• Great for less experienced puzzlers

Why play?

  • Fun puzzles that solve pretty quickly
  • High quality, styled video scenes
  • A fun aesthetic
  • To support an escape room business

Story

Our friend Tracey had been investigating a big case… until he ended up dead. Now this box had arrived and it held the clues we needed to figure out what had transpired.

Film Noir Black Box Mystery box.
Continue reading “ParadigmQ – Film Noir: The Black Box Mystery [Review]”

The Magic Puzzle Company – The Happy Isles [Review]

Let’s make some happy little islands.

Location:  at home

Date Played: January 9, 2020

Team size: we recommend 1-4

Duration: ¯\_(ツ)_/¯

Price: about $20

REA Reaction

The Happy Isles was a work of sublime genius.

In addition to all of the things that The Magic Puzzle company has done right, they achieved something extra in The Happy Isles. The art was intimidating from a jigsaw puzzling standpoint, but the way it was drawn made it feel subtly solvable. Little details gave away so much information. It was brilliant.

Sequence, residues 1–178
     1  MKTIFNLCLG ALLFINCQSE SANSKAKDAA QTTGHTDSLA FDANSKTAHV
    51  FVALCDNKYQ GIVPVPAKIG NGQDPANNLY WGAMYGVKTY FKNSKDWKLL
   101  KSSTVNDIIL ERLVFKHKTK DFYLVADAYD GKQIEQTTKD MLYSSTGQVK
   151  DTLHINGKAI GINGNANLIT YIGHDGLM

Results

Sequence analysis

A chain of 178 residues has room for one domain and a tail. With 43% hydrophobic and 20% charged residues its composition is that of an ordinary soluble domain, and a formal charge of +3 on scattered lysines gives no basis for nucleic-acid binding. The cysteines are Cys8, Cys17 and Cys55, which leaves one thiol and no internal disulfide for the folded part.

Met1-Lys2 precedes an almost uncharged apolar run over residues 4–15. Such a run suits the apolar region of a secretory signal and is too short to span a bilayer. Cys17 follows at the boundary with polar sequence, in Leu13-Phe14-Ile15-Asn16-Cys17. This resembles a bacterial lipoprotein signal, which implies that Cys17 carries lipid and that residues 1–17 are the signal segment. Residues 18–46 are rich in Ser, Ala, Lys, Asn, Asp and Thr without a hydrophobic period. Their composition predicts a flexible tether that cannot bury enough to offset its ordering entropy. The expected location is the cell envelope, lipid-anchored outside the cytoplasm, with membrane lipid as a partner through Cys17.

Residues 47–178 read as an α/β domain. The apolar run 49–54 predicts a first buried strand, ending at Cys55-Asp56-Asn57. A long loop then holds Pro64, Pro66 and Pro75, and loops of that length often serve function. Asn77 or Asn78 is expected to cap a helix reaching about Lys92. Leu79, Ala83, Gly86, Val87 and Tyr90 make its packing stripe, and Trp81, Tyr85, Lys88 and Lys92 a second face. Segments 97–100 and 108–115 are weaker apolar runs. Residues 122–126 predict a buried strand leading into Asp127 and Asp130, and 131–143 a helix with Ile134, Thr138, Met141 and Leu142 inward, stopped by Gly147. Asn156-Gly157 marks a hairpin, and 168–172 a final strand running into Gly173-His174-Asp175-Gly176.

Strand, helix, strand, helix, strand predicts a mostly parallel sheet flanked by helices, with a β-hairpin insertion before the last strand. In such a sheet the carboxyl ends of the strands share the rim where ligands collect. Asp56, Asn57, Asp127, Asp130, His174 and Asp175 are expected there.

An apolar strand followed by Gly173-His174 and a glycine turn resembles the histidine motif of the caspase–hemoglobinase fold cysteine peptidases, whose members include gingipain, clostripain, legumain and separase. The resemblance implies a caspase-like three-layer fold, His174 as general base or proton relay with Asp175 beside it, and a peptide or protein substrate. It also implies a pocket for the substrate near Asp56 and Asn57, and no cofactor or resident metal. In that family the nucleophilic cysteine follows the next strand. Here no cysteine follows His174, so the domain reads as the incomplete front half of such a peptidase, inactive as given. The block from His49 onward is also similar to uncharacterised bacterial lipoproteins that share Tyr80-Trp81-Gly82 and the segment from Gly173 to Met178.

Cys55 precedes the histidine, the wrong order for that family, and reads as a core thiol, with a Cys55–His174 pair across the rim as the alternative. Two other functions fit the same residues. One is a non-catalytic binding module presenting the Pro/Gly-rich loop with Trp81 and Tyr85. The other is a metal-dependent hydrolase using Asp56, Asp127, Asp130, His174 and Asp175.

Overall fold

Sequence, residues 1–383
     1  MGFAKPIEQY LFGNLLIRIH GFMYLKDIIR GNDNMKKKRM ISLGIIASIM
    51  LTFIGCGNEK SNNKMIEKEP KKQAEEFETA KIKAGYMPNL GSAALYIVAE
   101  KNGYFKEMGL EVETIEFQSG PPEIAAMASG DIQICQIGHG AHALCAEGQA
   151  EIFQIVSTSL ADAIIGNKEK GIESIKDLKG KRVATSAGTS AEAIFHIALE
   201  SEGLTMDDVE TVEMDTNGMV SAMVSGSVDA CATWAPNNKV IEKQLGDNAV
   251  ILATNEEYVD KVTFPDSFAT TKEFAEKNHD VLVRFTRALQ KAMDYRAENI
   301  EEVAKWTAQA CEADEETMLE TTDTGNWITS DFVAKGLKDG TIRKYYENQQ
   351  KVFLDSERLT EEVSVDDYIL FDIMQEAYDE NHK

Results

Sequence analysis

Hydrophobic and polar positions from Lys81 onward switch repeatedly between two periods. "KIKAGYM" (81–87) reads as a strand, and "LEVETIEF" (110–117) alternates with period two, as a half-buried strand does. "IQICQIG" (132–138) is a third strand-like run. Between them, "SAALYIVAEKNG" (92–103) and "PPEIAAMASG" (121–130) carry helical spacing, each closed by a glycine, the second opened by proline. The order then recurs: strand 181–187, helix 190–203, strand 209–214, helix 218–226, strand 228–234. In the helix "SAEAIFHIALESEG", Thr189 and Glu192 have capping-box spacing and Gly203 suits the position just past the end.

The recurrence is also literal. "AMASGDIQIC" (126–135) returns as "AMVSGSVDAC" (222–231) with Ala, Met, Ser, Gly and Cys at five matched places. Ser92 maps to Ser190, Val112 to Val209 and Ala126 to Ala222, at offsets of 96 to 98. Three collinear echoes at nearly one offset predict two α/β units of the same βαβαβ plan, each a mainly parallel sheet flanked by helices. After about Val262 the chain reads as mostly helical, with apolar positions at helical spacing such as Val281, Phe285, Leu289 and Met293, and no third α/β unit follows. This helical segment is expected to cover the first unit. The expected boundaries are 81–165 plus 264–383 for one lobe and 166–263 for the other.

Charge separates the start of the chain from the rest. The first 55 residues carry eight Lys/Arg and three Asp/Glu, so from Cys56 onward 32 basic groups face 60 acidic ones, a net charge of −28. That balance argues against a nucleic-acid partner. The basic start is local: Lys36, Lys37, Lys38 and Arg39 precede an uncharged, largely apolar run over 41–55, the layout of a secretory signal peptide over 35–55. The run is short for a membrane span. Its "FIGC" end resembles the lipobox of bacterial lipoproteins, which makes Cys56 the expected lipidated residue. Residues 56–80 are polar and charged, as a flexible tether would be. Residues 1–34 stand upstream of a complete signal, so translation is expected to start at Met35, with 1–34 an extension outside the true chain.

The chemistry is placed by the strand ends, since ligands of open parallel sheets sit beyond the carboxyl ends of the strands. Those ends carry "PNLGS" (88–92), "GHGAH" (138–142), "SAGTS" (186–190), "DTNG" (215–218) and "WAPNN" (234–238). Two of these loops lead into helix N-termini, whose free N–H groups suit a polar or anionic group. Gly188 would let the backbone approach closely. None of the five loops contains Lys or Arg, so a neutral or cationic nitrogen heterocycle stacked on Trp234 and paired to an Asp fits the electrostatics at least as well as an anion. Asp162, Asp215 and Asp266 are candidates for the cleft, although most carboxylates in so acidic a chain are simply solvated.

Box art for The Magic Puzzle Company's The Happy Isles 1000 piece jigsaw puzzle.

I highly recommend The Happy Isles. That said, I’d encourage you to solve The Mystic Maze first. They do similarly brilliant things, but I feel confident that The Mystic Maze is the stronger starting place.

When you’re finished with The Mystic Maze, have The Happy Isles waiting for you. Solve them both. They’re great.

Continue reading “The Magic Puzzle Company – The Happy Isles [Review]”

We Were Here [Review]

Keep Talking and Nobody Freezes

Developer & Publisher: Total Mayhem Games

Dates Played: January 2021

Platform: PC & Mac on Steam, XBox One

Duration: about two hours

Price: Free on Steam, $5 on Xbox One